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Punk & Rockabilly in Bali: Slick Ricks having a good time

By: Prima Ayu

Walking around the busy streets of Bali at night time you may run into the occasional slick mohawked youth dressed like Johnny Cash or Elvis. The island, other than any other part of Indonesia (including the cosmopolitan big cities on Java) has a musical trend that in the Indonesian context is uniquely Balinese: Rockabilly!

twice bar bali, rock club

The local Balinese culture welcomes western culture in a very open way. Therefore, new ideas and subcultures that originated in western countries, have blown over and been adapted in a way that fits the lifestyle of the Balinese youth. No other seems to fit the Balinese so well as rockabilly.

Rockabilly: Just Another Subculture?

In Indonesia generally, subculture lifestyles only appeared in the last millennium. Punk is a widely spread phenomenon adapted by youth living in big cities like Jakarta and Bandung. Punk culture came to Bali later on. According to scholars, punk culture in Indonesia is not a complete adaptation of the punk in origin. The music and lifestyle has gone through some modifications and the transmission of this culture has been altered. However, punk music and culture, with their three chords and Do It Yourself ethics, seems to fit the context the Indonesian city youths find themselves in.

In Bali however, punk music changed closer to a genre called rockabilly. The roots of the Balinese version of rockabilly definitely lie in punk music, whereas in the west rockabilly is regarded as a merge of rock-‘n-roll and country music.

Style over substance

Aside from the music, the fashion style is important too. Rockabillies dress up in black or printed t-shirts/ wife-beaters, shorts, big belts, boots or casual shoes combined with long socks, hats, and skillfully crafted mohawks or other hairstyles that require a lot of wax.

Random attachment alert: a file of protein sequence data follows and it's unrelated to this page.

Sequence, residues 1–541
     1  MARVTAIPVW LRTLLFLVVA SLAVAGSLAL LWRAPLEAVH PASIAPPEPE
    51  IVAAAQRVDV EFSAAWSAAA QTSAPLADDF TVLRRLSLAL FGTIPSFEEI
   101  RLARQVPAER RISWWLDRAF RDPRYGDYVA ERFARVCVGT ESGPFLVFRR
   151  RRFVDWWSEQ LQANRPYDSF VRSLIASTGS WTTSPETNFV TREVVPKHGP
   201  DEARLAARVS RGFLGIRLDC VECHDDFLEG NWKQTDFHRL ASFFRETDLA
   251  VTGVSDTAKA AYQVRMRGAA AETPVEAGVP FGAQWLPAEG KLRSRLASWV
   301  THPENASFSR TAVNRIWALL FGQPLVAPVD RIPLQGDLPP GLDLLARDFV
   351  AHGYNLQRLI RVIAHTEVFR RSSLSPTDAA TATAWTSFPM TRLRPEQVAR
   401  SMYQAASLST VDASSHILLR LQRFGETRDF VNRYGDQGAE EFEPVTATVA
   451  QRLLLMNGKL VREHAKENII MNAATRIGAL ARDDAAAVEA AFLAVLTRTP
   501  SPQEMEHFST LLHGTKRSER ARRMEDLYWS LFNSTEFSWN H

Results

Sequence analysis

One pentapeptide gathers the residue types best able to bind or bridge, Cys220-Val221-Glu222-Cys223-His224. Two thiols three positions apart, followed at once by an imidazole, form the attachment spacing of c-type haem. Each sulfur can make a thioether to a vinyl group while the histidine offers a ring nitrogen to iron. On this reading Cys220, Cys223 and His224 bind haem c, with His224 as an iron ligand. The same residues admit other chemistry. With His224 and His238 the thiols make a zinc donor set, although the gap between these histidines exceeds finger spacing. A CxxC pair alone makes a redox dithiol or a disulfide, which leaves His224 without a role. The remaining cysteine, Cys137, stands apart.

The style and lifestyle seem more important than underlying ideas or motivations. Bali is obviously a world class tourist destination. The nightlife and western notions about freedom, materialism, hedonism and consumerism, influence the culture and lifestyle of the Balinese youth. Rockabilly seems to embody that urge for freedom, a life by the beach, cruising the island on a motorcycle. Take a look at this terrific video of Balinese rockabilly band The Hydrant to get a glimpse of the rockabilly lifestyle:

Balinese punk and rockabilly music, is compared to ‘raw punk or rock,’ smooth, easy to listen and enjoyable to dance to.

The epicenter of Rockabilly is the Twice Bar in Poppies 2, owned by Jerinx, band member of the legendary (surf) punkband Superman is Dead:

(International) Rockabilly Succes

Superman is Dead is undoubtedly the most successful punk band in Indonesia. Succes however, is in punk terms an arbitrary and even problematic concept. Commercial success can in the punks scene be labeled ‘selling out’ (to big labels, success and fame, over producing your own music by your own means according to your own values). Superman Is Dead  signed with Sony-BMG  in 2003 and toured America in 2009 on the Vans Warped Tour, an amazing feat as the bands that make it to tour outside Indonesia can be counted on the fingers of one hand.

Rockabilly is also turning into a lucrative export product, as proven by the birth of some rockabilly bands following in the footsteps of Superman Is Dead. The Hydrants and Suicidal Sinatra are some recent examples. The Hydrant’s highlight was their European Tour in 2009, “Bali Bandidos Eurobilly Tour 2009”, while Suicidal Sinatra toured Europe in July and August 2011.

For some idealistic punks rockstardom is like spitting on the do-it-yourself ethic of punk. In laidback Bali, however, values seem to have shifted from politics to having a good time.

Just a cool trend, a fashion style, or a heartfelt passion for music…rockabilly continues to rock Bali (and beyond).

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